Professor of Psychobiology, Harvard Medical School, Harvard University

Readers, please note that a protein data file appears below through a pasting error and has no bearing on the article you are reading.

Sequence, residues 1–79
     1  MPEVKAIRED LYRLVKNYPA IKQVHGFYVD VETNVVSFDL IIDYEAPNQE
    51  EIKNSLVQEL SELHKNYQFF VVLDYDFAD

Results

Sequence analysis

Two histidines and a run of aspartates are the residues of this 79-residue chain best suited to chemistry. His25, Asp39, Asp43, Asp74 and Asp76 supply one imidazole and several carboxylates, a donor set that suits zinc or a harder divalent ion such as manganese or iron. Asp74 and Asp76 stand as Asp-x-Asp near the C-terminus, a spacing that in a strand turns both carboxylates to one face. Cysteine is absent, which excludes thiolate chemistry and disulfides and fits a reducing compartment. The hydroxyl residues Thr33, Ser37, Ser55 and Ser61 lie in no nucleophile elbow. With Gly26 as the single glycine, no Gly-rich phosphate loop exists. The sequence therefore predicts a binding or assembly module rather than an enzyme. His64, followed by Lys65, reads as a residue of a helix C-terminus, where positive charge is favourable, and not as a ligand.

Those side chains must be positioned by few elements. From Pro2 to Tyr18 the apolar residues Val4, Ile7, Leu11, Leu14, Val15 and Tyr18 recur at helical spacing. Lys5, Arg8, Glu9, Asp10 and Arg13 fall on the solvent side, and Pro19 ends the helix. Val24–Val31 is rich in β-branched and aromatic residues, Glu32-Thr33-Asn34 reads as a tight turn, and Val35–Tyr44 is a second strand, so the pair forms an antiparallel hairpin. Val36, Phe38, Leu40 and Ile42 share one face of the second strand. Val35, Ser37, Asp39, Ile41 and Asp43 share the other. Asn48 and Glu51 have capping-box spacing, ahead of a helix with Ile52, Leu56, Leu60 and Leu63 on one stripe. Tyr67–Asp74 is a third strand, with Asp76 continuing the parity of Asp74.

Dr. Bertha K. Madras is Professor of Psychobiology, Department of Psychiatry at Harvard Medical School (HMS). She developed and chaired the Division of Neurochemistry at the HMS-NEPRC. A neuroscientist, her research focuses on addiction biology and neuropsychiatric disease. Her work is reported in over 150 manuscripts and book chapters. She is principal editor of books “The Cell Biology of Addiction” (2006), “The Effects of Drug Abuse on the Human Nervous System” (2012), and co-editor on “Imaging of the Human Brain in Health and Disease” (2012). As an educator, she developed and taught a course on addiction biology for 4th year HMS medical school students, and created an international course titled the “Cell Biology of Addiction” at Cold Spring Harbor Laboratory. In public policy, she served as Deputy Director for Demand Reduction in the White House Office of National Drug Control Policy (ONDCP). At ONDCP, she advocated for medicalization of the diagnosis and treatment of substance use disorders. She mainstreamed Drug and Alcohol Screening, Brief Intervention, Referral to Treatment (SBIRT) in healthcare systems as a component of the national drug control strategy. She also spearheaded approval of billing codes for these services resulting in reimbursement by Medicaid and health insurers, adoption by federal agencies. SBORT was endorsed by the UN. In service to public education, she directed creation of a museum exhibit, a CD (licensed by Disney Corp), “Changing your Mind: Drugs in the Brain” for the Boston Museum of Science and has delivered hundreds of presentations on the biology of drugs and addiction. She holds 19 patents, is a recipient of a NIDA Public Service award, a NIH MERIT award, American Academy Addiction Psychiatry Founders’ Award, and the Marian Hirschman Award. A brain imaging agent strategy she developed was cited by The Better World Report, 2006, as one of “25 technology transfer innovations that changed the world”. Her experiences in translational neurobiology, government, and public service afford her a unique perspective on science and public policy.